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  • Talent's Ron Ridgway earns 'Citizen of the Year' honors

  • TALENT — Ron Ridgway, named Citizen of the Year Wednesday, is described as a man who always gives of his time, abilities and assets and works quietly behind the scenes. He was co-owner of Tark's Market until Ray's Food Place purchased the store in September.
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  • TALENT — Ron Ridgway, named Citizen of the Year Wednesday, is described as a man who always gives of his time, abilities and assets and works quietly behind the scenes. He was co-owner of Tark's Market until Ray's Food Place purchased the store in September.
    "The biggest thing about Ron, he just couldn't say no," said Cheri Browne, who served on the Talent Chamber of Commerce board of directors with him. "He is very, very generous."
    "There's many other things he's done for people that we will never know about," said Talent Urban Renewal Agency Executive Director Marla Cates.
    "He's been involved in every pancake breakfast, bingo night and spaghetti dinner," said Sherman Lamb, who served on both the chamber and urban renewal boards.
    Cynthia Care, chairwoman of the Together for Talent Community, said she thinks of Ridgway as "Father Talent" for his nurturing and giving character.
    Mayor Bill Cecil announced Ridgway's selection at the Community Center during an event to honor volunteers. Cecil inaugurated the award last year. Ridgway was unable to attend because of a previous commitment.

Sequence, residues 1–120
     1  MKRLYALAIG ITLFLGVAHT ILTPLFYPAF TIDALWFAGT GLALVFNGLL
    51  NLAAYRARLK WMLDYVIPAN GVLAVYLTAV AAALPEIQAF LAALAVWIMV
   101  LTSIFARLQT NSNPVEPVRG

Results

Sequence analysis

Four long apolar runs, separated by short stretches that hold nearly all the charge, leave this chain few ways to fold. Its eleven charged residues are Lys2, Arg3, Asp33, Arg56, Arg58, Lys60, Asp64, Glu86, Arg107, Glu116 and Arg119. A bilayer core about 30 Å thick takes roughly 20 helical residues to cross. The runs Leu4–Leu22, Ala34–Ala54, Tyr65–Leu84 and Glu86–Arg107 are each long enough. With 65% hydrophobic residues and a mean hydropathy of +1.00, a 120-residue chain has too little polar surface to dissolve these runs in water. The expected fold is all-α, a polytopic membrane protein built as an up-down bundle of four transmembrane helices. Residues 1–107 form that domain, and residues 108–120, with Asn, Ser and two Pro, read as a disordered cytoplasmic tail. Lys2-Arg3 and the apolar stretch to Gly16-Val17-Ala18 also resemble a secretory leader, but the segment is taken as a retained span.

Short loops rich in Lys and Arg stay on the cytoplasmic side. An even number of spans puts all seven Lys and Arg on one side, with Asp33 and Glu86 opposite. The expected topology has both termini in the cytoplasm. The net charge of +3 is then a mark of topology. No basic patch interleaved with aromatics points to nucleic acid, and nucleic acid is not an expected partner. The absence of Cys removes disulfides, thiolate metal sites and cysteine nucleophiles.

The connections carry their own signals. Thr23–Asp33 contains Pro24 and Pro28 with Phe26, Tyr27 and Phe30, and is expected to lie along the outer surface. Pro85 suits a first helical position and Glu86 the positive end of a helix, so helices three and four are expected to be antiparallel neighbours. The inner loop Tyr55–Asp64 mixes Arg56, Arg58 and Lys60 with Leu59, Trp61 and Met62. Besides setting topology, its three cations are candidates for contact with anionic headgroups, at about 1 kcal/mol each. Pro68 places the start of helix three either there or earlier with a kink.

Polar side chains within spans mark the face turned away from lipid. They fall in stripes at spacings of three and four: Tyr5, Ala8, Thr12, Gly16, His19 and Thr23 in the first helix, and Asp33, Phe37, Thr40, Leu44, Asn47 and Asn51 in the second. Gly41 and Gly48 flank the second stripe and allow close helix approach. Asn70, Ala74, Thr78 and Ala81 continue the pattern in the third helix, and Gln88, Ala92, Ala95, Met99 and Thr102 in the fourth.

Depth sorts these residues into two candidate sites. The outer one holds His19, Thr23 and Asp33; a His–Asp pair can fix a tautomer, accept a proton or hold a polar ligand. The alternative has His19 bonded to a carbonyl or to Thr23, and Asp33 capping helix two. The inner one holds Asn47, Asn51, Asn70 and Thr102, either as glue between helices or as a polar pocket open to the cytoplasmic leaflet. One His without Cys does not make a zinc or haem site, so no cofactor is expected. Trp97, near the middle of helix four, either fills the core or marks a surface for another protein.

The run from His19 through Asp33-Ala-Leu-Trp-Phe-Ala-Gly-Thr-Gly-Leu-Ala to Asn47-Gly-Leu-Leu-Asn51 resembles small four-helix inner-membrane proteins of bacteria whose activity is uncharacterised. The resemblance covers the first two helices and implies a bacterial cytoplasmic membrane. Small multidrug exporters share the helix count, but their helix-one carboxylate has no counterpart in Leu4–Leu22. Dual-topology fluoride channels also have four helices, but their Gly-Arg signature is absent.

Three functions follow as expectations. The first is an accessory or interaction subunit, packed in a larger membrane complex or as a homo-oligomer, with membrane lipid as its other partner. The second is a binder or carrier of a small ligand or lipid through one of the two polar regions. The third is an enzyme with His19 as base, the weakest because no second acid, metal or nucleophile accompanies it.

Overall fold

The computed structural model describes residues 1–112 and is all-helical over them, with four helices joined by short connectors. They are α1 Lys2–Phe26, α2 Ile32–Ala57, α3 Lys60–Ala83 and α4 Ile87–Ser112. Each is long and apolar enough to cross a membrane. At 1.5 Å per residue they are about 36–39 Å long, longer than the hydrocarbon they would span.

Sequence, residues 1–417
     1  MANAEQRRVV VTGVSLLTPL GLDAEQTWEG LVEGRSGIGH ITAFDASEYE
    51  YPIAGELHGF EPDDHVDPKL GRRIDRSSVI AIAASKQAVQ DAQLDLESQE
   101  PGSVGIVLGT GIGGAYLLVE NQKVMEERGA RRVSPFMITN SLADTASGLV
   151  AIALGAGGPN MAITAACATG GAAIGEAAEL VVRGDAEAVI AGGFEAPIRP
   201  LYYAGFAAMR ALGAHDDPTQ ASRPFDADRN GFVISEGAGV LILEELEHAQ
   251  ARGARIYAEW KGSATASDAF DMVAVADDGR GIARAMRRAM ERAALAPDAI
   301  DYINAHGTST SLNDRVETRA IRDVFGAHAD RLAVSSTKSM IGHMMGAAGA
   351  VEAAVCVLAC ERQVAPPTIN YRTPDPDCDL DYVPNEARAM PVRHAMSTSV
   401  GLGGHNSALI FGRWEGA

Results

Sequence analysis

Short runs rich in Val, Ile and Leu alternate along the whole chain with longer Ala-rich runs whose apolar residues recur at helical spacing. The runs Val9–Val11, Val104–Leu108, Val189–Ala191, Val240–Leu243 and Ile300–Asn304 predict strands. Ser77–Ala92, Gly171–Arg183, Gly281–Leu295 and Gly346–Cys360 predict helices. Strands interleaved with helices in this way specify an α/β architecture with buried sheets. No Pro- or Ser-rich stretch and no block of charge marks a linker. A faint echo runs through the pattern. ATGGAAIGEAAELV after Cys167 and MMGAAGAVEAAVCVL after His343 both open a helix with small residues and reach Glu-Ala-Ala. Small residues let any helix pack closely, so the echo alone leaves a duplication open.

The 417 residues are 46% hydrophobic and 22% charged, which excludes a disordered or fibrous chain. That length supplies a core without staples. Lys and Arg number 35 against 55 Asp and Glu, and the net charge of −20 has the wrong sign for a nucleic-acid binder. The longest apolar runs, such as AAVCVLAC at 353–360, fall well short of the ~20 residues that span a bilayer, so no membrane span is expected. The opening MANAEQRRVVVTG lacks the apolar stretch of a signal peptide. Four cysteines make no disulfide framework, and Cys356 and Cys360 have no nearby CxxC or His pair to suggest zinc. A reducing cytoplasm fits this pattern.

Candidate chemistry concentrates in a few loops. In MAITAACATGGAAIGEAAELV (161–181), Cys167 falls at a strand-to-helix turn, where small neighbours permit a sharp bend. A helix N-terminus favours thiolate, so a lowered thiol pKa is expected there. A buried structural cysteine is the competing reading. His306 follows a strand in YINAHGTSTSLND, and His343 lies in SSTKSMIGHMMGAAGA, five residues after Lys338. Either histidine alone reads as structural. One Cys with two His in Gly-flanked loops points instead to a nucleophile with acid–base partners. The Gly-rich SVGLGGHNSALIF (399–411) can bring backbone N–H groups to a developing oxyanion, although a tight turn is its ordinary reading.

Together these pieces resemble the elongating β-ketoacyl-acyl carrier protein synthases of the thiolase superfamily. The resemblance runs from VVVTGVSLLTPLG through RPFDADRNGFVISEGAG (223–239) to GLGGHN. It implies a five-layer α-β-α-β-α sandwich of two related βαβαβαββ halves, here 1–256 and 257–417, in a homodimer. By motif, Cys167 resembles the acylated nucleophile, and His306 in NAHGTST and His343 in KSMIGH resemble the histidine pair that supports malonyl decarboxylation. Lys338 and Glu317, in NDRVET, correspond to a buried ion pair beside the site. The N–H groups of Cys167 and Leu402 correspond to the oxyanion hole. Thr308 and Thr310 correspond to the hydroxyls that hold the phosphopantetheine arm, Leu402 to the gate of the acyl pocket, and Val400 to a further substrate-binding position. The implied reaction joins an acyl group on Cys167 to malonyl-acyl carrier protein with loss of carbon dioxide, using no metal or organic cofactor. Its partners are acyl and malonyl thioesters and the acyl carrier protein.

Family upbringing probably had much to do with Ridgway's ceaseless service.
    "I was raised, 'If you can do it, do it,' " said Ridgway.
    Ridgway's service on the urban renewal board began in 1998, and he chaired the group much of the time. He's now off the board because membership requires either residing or owning a business in town.
    Besides serving on boards, Ridgway aided young people in many groups, including the Boys & Girls Club of Talent, the elementary and middle schools, Little League and soccer clubs.
    In addition, Tark's parking lot was used during many community events, including the annual Harvest Festival.
    "That was fun hosting bands on the parking lot," said Ridgway, recalling Friday evening art walks.
    Ridgway's financial acumen and strategic thinking were assets for urban renewal, said Cates.
    "He had a tremendous amount of knowledge about everything going on in Talent," said Cates.
    Lamb said Ridgway often helped other board members arrive at decisions.
    "He's got a very sort of calm, deliberative manner. He thinks things through," said Lamb. "But he'd show us how to make really good decisions."
    Ridgway's character influenced more than organizations and businesses.
    "He was also my mentor, whether he knew it or not," said Browne. He gave good advice, she said, and kept their conversations to himself.
    "I didn't go out to do that," said Ridgway, when told of Browne's comments. "As a business person, I was involved with a lot in the town. I considered we were helping each other as business people."
    A letter nominating Ridgway said he has "a vision" for Talent. But he wasn't one to draw attention to his views.
    "He was just kind of quiet and would move along and do all these things behind the scenes," said Sue, his former wife and business partner in Tark's. "He was active on everything."
    Tony Boom is a freelance writer living in Ashland. Reach him at tboomwriter@gmail.com.
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